Most jurors will be more inclined to reach a verdict favorable to one side if that side's case is based primarily on eyewitness testimony rather than on physical evidence backed by expert scientific testimony. Surprisingly, studies involving jurors in mock trials have found that this tendency survives even for those jurors who understand that eyewitness testimony is generally less reliable than is physical evidence backed by expert testimony.

Which of the following, if true, would most help to explain the surprising phenomenon described above?

Jurors in mock trials usually spend less time deliberating and worrying about reaching the right verdict than do jurors in actual trials.

Because expert testimony regarding physical evidence presented at trial is almost invariably given by witnesses testifying for one side or the other, many jurors regard such witnesses as biased.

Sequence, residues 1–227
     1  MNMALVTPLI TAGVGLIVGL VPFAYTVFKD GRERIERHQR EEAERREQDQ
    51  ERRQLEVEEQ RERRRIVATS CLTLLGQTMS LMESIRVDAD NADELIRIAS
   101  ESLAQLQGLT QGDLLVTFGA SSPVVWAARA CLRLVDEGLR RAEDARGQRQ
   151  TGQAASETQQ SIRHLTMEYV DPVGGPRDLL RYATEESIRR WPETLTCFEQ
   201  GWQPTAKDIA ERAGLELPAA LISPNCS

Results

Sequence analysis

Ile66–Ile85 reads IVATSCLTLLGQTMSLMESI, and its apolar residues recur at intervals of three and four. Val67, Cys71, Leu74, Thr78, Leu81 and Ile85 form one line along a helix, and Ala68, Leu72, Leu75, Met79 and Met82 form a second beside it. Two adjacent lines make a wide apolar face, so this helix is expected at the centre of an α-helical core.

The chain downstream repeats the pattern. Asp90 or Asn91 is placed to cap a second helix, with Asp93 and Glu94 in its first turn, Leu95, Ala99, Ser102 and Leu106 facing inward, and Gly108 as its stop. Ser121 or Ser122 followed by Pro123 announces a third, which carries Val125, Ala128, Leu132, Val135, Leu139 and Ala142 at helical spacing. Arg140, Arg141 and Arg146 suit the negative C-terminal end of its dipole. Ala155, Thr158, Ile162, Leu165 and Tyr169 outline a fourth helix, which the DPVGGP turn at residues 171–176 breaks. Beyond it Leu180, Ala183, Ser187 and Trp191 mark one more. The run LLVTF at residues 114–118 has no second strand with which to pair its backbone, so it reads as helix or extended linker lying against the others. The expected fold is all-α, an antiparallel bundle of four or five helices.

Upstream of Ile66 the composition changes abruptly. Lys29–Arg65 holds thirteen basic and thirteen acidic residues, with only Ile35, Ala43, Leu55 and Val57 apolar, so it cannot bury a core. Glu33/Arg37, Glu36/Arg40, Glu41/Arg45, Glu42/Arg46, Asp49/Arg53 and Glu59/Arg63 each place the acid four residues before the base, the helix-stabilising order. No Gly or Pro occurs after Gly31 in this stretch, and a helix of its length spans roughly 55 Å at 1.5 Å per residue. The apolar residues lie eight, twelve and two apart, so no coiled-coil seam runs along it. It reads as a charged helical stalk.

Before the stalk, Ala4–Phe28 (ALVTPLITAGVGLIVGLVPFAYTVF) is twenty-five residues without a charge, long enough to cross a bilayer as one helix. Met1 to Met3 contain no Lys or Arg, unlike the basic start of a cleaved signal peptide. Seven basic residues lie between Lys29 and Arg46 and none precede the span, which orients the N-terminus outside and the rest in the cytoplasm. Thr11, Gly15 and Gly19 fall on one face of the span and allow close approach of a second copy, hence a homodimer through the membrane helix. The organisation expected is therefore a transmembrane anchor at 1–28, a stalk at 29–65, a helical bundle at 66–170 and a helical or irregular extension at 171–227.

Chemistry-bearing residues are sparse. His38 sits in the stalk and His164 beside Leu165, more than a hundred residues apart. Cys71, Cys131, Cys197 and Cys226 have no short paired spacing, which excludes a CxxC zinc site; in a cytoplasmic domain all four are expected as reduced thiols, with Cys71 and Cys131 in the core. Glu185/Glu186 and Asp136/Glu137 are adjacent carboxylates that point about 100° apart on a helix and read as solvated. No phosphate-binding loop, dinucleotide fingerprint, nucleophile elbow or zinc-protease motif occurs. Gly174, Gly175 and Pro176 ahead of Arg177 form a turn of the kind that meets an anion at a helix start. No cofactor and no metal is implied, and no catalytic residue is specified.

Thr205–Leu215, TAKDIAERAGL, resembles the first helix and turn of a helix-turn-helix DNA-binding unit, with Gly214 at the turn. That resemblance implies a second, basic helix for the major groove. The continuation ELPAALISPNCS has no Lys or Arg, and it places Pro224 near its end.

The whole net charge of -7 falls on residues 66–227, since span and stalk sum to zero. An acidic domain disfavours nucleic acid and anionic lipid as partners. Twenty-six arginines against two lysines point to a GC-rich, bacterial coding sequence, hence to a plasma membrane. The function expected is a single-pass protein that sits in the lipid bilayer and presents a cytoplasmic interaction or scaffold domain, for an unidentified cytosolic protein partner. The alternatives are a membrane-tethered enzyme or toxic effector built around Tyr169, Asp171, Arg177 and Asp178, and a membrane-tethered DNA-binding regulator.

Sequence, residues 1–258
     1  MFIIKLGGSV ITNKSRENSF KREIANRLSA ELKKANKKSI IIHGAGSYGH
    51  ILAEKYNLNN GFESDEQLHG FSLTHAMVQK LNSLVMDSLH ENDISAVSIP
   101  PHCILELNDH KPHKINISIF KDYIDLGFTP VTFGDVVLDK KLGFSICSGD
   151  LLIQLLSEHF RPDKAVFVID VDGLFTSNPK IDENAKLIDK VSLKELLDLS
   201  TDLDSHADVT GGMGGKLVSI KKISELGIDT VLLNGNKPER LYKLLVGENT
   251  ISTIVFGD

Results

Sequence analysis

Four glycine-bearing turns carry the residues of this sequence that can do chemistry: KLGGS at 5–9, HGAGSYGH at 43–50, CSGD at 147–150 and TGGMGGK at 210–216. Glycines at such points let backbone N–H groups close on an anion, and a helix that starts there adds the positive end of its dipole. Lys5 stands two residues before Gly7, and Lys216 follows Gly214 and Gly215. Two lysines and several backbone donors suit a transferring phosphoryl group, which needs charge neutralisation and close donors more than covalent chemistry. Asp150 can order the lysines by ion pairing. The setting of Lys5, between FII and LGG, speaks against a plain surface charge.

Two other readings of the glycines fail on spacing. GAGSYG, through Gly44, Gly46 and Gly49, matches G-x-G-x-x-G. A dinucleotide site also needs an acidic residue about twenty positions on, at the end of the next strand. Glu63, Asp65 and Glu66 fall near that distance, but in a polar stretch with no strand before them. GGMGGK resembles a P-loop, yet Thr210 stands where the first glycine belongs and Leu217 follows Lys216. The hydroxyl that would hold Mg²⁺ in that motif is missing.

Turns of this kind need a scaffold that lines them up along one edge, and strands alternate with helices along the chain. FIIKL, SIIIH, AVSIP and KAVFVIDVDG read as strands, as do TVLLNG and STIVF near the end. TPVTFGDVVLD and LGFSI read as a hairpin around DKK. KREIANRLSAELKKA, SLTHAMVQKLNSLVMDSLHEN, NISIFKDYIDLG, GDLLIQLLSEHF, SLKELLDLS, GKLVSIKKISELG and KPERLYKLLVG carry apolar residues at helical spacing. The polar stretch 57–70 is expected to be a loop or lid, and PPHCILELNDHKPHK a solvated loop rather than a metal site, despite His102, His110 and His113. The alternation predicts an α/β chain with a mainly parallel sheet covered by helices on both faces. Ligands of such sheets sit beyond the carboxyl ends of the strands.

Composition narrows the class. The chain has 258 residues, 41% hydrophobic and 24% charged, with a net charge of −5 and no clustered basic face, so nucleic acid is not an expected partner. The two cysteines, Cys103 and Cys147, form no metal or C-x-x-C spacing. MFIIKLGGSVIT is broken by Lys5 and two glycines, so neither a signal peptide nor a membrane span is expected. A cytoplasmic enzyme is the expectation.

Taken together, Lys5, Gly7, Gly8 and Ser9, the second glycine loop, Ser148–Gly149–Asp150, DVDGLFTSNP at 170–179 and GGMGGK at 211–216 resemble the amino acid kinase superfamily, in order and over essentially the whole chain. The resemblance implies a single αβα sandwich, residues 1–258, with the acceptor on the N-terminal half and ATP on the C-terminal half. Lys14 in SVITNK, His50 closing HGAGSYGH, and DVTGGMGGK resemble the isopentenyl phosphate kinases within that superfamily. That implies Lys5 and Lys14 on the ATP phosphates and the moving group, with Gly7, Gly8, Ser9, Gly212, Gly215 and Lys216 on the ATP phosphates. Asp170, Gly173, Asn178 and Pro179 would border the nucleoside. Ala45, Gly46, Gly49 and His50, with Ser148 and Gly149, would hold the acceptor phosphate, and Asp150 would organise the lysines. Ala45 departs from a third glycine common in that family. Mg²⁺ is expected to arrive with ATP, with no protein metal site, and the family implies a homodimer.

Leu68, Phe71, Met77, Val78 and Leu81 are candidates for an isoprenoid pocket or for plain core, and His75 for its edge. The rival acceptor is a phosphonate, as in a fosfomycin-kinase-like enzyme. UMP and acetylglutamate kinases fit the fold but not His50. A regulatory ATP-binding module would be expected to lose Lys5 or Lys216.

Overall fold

The credibility that a particular juror will assign to a particular eyewitness will be profoundly influenced by personal characteristics of the eyewitness including age.

Even jurors who understand that eyewitnesses tend to be less reliable than physical evidence incorrectly believe they are better than the average juror at telling when an eyewitness’s testimony is reliable.

The more complex the physical evidence presented at trial is, the less it will influence the jurors in reaching their verdict.


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